(and few things scare me more than a startup that is going to "fix email" by creating a new walled platform.)
This behavior is so common it needs a name. Embrace and Switch? Embrace, grow and switch?
But, wait, my 50K followers from Server A won't be following me on Server B. Essentially, you only get to pick your original server once, without having to rebuild your network. So choose wisely!
This obviously isn't an easy problem to solve. You'd need to separate identity from hosting, and have some way to look up "identity A is on server D" so peope following identity A know where to get the content.
I truly believe it's essential to the success of the protocol, though.
I'll take it a step farther. One of the consequences of building a distributed network is that individual nodes are much more likely to fail than a centralized node. The overall network health is going to be better, but for a given random article or person you find online somewhere, the odds that the server does something screwy are a lot higher because the server is smaller and has less backing.
It's not just about separating identity from hosting so that content creators can move around - content itself needs to be separated from its hosting. I want to be confident that if I share a link to some content, that content is still going to be available at that link 4 or 5 years from now. Minus that solution, in some ways ActivityPub actually makes my life worse because it means content moves around more often.
Mastadon and PeerTube are great examples of this - instances are not an implementation detail of these platforms that we could swap out later for something more robust - they're a core concept that's talked about at a user-facing level. That's insane to me. Why on earth do we even have the concept of an instance or a server? Why is it baked so hard into our protocols as to guarantee that we can't possible get rid of it in the future?
Sure, someday maybe IPFS will completely solve the problem and we'll switch off of URLs. But probably not soon. So we should be trying to find mid-term solutions that allow us to separate identity and content from a location regardless of whether or not we're using IPFS. We should be designing everything around that constraint.
IndieWeb's solution is to own your own domain: https://indieweb.org/personal-domain. If you control your DNS, you can move your data to a different back-end provider and just update your DNS entries.
To combine this with Mastadon, just make your own domain, like https://chipotle.coyote, and point it at Mastadon-Server-A. Then if you want to move everything to Mastadon-Server-B, just copy the data and update DNS.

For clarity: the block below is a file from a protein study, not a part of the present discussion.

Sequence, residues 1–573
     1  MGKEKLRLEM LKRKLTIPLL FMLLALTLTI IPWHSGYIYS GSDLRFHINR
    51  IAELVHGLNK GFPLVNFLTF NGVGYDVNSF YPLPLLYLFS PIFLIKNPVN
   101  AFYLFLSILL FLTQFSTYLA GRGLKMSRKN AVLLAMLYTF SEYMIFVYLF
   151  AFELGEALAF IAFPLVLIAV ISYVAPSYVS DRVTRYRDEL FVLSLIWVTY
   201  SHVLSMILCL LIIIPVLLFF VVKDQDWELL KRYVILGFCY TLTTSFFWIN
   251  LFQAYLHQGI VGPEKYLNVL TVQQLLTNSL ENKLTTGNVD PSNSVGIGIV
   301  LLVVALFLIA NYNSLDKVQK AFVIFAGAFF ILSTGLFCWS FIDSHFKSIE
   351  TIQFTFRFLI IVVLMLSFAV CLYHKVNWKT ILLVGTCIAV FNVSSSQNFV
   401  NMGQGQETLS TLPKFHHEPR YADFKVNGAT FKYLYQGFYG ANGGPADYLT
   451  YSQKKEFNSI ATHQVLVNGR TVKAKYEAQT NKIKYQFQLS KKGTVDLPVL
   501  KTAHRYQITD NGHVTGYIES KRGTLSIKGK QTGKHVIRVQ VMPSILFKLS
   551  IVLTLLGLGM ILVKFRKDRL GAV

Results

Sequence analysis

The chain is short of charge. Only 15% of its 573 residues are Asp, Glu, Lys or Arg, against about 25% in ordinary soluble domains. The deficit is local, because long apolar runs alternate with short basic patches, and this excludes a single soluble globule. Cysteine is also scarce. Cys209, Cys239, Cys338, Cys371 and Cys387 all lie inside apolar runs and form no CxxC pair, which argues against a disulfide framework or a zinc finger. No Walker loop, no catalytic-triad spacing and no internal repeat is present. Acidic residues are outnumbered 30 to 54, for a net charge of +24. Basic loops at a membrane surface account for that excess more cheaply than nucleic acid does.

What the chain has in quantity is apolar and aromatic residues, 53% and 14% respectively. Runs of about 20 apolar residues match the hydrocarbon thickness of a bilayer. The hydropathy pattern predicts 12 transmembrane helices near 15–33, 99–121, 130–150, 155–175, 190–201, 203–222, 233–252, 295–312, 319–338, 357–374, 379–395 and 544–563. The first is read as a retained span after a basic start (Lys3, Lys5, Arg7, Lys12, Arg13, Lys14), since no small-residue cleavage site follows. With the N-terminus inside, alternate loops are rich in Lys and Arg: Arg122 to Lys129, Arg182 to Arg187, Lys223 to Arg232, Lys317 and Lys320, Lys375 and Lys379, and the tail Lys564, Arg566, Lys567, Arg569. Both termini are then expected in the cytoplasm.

And you can argue that doesn't matter at that point, but it kind of does if I want to be able to use a social network for something like collective scrapbooking or time capsules. Or even just if I want to make sure that essays, projects, and Open Source work are permanently accessible to people who care about them.
Anyone who visits your old account will see the last message. Anyone who sees that message and can't muster the effort to make 2 mouse clicks probably isn't a follower except from a numbers perspective.
I personally think tying identity to a particular server instance is the wrong approach, whether you can beg your followers to come find your new location or not.
Also, your method only works if the server is still up. If your host server is taken down indefinitely, then you truly do get to rebuild your network again. Fun.
I'm assuming your values are something else. Do you monetize your social media followers/follower count in some way? For some professions it's smart and necessary, but for my career it's not relevant in any way at this point.
(Oops, I just saw toomim already posted the same thing.)
Damn, let's ditch all the XML protocols then, XHTML first :D
What does "age of JSON" means exactly? Those are two different technologies for different purposes.
Even if XMPP tried to move to JSON, how can you do namespaces in JSON for example?
You want ActivityPub in XMPP ? Just take Pubsub and put Atom in it, those are two stable and proven technologies, they fits perfectly (it's just one namespace in another) and with many many benefits.
Here is a news feed built on top of XMPP Pubsub https://nl.movim.eu/?node/pubsub.movim.eu/Movim, and yes there's also an Atom 1.0 feed generated from it, because it's easy to just extract the (validated) Atom content from Pubsub and put it back to a proper HTTP page.
Facebook could use a format based on brainfuck and we would have to support it.
Yeah, modern and shiny JSON.
IT is now a subdivision of the fashion industry. Suck it up ;)
For what is this neccessary?
JSON is incapable of the same kind of nesting because there are no explicit namespace to identify nested data formats and to avoid name collisions.
Tangent: I hate the use of "rocks" as a generic "is great" trend in our langage.